"Homework is hard."
たいへん means hard in the sense of being hard work, rather than it necessarily being difficult.
Yeah. I had always know taihen as "difficult situation" not a synonym for "muzukashi". :/
They are synonyms though, as in they both mean difficult/hard. I'd say たいへん has more of a complaint connotation to it (kinda like めんどくさい), whereas むずかしい is more of a simple neutral statement. But that may also be contextual and/or just depending on intonation.
Well, they're similar, but not to the extent I'd call them synonyms. In English, "hard" can be used to mean "difficult", but that too is contextual. E.g. if you're talking about something that is "not soft", you can't say it's difficult. The same goes for むずかしい and たいへん; they can have the same function, but aren't interchangeable.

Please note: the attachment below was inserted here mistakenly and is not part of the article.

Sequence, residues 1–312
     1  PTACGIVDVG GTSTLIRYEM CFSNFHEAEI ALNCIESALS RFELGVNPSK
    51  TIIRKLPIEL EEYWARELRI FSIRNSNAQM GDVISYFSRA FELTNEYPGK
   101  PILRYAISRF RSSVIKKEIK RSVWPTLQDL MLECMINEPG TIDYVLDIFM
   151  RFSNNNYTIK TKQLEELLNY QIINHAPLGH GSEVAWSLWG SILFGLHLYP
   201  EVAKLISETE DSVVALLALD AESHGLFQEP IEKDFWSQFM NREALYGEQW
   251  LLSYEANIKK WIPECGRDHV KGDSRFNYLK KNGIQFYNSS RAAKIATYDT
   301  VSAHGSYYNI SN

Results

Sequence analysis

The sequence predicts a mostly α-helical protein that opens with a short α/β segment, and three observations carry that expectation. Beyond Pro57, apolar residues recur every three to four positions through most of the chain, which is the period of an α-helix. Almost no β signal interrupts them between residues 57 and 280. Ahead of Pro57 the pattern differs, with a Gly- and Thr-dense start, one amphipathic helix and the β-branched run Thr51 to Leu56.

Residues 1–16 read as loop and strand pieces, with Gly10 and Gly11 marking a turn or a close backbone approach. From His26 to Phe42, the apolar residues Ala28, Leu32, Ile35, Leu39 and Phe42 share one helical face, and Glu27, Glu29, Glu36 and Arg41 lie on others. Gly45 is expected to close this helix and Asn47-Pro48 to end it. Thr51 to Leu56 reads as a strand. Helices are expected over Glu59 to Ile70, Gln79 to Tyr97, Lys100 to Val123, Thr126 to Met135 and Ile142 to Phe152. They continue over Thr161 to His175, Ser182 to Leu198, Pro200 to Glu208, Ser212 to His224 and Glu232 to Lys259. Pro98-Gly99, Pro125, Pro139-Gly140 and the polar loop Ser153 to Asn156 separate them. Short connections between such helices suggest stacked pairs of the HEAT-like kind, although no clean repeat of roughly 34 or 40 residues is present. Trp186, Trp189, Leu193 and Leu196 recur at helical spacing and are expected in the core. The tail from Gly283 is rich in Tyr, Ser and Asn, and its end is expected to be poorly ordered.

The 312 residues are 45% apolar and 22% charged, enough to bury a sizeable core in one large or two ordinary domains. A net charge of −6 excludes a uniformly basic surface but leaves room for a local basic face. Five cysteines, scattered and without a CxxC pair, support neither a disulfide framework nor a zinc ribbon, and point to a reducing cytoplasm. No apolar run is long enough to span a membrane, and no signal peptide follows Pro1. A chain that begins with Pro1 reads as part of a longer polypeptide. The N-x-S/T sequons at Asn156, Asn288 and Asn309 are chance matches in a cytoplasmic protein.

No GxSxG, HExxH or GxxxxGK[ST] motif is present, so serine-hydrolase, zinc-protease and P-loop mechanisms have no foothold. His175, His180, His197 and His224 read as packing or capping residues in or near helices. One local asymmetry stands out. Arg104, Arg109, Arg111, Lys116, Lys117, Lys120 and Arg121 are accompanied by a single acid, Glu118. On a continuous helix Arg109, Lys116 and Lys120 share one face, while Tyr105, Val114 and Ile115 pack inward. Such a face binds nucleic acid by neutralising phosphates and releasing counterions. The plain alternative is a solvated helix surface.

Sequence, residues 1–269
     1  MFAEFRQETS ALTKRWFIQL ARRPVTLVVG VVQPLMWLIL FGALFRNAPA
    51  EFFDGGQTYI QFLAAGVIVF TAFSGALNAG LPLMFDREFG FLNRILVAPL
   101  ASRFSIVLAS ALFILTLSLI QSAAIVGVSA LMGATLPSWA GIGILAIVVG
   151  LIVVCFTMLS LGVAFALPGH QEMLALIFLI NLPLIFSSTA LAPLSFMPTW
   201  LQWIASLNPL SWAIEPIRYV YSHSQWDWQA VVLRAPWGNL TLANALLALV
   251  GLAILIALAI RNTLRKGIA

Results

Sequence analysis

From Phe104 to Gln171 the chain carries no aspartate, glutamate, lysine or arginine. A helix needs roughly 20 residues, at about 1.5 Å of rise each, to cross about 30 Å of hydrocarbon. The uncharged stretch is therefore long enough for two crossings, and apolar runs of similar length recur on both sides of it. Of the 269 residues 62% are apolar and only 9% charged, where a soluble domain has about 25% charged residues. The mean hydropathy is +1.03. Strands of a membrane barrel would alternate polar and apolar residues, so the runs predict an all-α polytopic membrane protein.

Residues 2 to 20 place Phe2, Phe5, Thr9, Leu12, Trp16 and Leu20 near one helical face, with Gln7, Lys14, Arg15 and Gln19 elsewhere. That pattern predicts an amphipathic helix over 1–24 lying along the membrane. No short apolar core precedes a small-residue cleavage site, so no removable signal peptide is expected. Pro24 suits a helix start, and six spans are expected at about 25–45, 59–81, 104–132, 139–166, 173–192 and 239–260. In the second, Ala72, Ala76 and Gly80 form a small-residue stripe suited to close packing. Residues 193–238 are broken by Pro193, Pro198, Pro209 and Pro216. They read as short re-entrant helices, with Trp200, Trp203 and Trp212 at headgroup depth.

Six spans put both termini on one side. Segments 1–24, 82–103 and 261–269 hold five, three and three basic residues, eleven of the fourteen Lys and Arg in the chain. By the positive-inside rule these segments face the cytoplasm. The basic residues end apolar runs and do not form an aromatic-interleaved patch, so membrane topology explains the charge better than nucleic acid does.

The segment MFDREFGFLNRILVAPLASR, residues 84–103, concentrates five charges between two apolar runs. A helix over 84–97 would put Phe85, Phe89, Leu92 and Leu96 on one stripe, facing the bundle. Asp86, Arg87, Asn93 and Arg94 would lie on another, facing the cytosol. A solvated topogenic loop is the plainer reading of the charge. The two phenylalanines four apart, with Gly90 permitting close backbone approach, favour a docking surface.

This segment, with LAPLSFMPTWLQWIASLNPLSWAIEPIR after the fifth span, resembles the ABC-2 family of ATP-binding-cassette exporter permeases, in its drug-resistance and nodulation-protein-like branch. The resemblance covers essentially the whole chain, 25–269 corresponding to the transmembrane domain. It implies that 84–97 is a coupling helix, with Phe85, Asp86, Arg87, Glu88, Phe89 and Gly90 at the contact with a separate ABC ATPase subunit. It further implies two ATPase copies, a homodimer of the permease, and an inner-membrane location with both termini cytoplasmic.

Like you said, たいへん carries more judgement; a situation you find awful/severe, and clearly negative, while むずかしい is something complicated/serious, but a little more 'neutral'.
Ok, I understand why たいへん can mean hard, but why is むずかしい wrong here? Does "しゅくだいはむずかしいです" not mean the same thing?
Muzukashii should be accepted here, just have to wait for our suggestions to get through to the powers that be.
Sorry, I didn’t get that from what he said at all, thanks for clarifying. Of course the nuance is different, we just can’t know which nuance is expected without context.